Managing a chef repository with multiple engineers


#1

I’m wondering if anyone has come across any blog posts or anything
regarding best practices with managing the cookbooks in a chef repository
when you have multiple engineers working with the repository at the same
time?
Currently, I’m basically using the git-flow approach; however, I find it
cumbersome to merge multiple feature branches together for different
cookbooks (and sometimes the same cookbook), make sure there is an
appropriate version bump in each affected cookbook, updated changelog files
in each cookbook, and determine what actually changed so that I can upload
the changed cookbooks, roles, data bags to the server.
I’m just wondering what other folks are doing.

John


#2

I just started a blog, and my first post is on this topic. It’s a reasonable summary of the Berkshelf approach (including the link to Jamie’s talk that Noah posted and some other resources), and some things to take in to consideration. We are just starting down this path, so we don’t have it all figured out quite yet…

Also, this episode of the FoodFightShow, which has Etsy and Riot Games both discussing how they handle cookbook collaboration:

http://foodfight.libsyn.com/episode-32-there-s-a-spork-in-my-berkshelf-talkin-bout-workflow

I hope this is helpful!

Eric Reeves
Senior Systems Engineer
Alert Logic, Inc.

M 713.992.7993
O 713.351.1775
E eric@alertlogic.commailto:eric@alertlogic.com

[ C.H.A.M.S. - Culture, HUGS, Automation, Metrics, and Sharing ]

On May 6, 2013, at 3:09 PM, John Alberts wrote:

I’m wondering if anyone has come across any blog posts or anything regarding best practices with managing the cookbooks in a chef repository when you have multiple engineers working with the repository at the same time?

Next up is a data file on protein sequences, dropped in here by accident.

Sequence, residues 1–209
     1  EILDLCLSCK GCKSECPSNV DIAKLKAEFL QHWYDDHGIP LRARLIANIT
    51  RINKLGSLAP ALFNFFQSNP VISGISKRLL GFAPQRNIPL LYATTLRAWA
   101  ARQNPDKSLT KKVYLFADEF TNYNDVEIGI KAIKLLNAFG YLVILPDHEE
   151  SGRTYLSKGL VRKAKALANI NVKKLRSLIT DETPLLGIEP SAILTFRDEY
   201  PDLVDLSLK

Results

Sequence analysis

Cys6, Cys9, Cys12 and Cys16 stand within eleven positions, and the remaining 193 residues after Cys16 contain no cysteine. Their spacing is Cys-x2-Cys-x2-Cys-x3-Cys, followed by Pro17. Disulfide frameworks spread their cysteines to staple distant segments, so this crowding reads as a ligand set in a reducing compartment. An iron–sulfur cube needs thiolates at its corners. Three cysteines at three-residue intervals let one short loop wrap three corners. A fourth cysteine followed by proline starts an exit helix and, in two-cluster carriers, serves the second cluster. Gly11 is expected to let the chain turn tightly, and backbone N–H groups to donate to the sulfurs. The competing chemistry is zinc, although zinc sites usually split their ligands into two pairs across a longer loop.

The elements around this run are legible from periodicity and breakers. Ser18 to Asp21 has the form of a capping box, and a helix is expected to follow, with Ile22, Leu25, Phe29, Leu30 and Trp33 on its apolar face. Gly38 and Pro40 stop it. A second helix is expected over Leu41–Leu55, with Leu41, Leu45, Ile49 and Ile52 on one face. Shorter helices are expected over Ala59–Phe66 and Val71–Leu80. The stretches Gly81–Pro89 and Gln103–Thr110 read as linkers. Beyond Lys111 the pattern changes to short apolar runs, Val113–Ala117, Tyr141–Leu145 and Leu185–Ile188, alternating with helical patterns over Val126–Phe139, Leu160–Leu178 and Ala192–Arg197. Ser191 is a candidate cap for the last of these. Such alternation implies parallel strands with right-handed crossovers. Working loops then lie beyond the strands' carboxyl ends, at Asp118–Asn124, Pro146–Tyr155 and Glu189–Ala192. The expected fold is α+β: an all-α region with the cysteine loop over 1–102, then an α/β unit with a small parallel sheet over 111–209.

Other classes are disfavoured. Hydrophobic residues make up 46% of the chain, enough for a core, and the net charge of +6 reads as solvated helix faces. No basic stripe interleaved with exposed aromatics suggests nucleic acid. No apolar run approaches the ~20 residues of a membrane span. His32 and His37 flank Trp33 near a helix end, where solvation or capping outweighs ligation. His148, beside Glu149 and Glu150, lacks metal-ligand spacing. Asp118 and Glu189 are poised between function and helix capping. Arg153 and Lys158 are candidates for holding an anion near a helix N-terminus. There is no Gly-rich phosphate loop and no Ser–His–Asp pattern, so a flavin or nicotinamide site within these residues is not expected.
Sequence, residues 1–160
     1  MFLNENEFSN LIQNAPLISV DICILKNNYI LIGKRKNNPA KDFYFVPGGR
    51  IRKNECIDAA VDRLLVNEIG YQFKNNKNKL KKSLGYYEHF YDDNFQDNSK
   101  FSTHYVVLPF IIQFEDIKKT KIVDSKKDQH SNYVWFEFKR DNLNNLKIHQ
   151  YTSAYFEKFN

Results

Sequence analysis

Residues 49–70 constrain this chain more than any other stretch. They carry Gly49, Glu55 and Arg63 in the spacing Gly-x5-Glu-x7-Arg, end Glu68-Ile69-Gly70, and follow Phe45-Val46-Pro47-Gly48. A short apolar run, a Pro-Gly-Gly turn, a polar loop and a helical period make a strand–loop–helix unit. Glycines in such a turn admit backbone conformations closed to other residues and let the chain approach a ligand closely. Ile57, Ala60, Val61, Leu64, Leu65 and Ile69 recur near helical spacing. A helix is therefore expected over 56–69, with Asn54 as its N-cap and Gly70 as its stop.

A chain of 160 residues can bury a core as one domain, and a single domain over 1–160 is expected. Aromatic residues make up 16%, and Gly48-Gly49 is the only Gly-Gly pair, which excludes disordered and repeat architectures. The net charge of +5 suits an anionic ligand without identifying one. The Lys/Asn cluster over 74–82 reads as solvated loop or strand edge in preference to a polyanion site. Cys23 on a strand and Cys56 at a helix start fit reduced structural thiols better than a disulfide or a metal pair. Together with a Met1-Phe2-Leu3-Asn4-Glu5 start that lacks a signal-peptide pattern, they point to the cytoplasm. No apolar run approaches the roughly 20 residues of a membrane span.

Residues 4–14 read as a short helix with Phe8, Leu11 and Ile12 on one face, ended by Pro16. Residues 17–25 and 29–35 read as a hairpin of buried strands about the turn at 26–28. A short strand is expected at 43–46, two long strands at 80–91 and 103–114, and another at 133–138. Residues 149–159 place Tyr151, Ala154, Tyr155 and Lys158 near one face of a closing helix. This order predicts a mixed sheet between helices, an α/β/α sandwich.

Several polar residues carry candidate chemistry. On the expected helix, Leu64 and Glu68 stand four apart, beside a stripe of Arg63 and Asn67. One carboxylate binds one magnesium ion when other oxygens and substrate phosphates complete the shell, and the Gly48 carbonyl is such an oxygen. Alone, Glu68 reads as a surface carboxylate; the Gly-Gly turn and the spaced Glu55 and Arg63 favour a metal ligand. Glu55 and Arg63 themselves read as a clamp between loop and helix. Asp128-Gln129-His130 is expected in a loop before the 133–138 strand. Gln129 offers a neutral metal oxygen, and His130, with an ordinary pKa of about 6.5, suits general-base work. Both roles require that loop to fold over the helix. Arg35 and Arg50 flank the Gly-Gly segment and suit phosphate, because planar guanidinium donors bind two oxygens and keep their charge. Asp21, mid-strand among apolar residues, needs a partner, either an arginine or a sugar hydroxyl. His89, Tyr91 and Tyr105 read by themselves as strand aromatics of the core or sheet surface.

Currently, I’m basically using the git-flow approach; however, I find it cumbersome to merge multiple feature branches together for different cookbooks (and sometimes the same cookbook), make sure there is an appropriate version bump in each affected cookbook, updated changelog files in each cookbook, and determine what actually changed so that I can upload the changed cookbooks, roles, data bags to the server.
I’m just wondering what other folks are doing.


#3

Having lived through this in real life, +1 to the Berkshelf way.


#4

For those of you that use berkshelf, do you still keep a chef-repo that
holds your roles, data bags, environment files, etc?

On Mon, May 6, 2013 at 6:30 PM, Brian Akins brian@akins.org wrote:

Having lived through this in real life, +1 to the Berkshelf way.


John Alberts


#5

Hey John,

We, the Berkshelf developers, actually strongly suggest against using roles and attempt to avoid data bags unless they really make sense (organization wide data).

We also advocate for not versioning environments or nodes in a chef repo since both of those pieces are manipulated by our orchestrator. We hope to open this up pretty soon to the community.

With Berkshelf and motherbrain we’re trying to do away with the idea of a Chef Repo and instead provide tools which populate and manipulate the data in a Chef server. This will add an easier to use high level of abstraction on top of the typical Chef workflow which will hopefully lower the learning curve of getting into Chef.

I think a Chef repo containing data not managed by a higher level abstraction is a good in between goal. Just make sure you immediately evict those cookbooks from it :wink:

Jamie Winsor
@resetexistence

On May 6, 2013, at 9:20 PM, John Alberts john.m.alberts@gmail.com wrote:

For those of you that use berkshelf, do you still keep a chef-repo that holds your roles, data bags, environment files, etc?

On Mon, May 6, 2013 at 6:30 PM, Brian Akins brian@akins.org wrote:

Having lived through this in real life, +1 to the Berkshelf way.


John Alberts


#6

Most people still use a chef-repo holding all the other pieces of infrastructure. FYI Spiceweasel has Berkshelf support so it can manage and validate your roles, environments, data bags and nodes in conjunction with Berkshelf managing the cookbooks.

Thanks,
Matt Ray
Senior Technical Evangelist :: Opscodehttp://opscode.com
512.731.2218 :: matt@opscode.com
mattray :: GitHubhttp://github.com/mattray/ :: IRC :: Twitterhttp://twitter.com/mattray


From: John Alberts
Sent: Monday, May 06, 2013 11:20 PM
To: chef@lists.opscode.com
Subject: [chef] Re: Re: Re: Managing a chef repository with multiple engineers

For those of you that use berkshelf, do you still keep a chef-repo that holds your roles, data bags, environment files, etc?

On Mon, May 6, 2013 at 6:30 PM, Brian Akins <brian@akins.orgmailto:brian@akins.org> wrote:

Having lived through this in real life, +1 to the Berkshelf way.


John Alberts


#7

We don’t use roles or environments - wrapper cookbooks only. We do use
data bags but use a repo per data bag and use CI/CD tools to push them to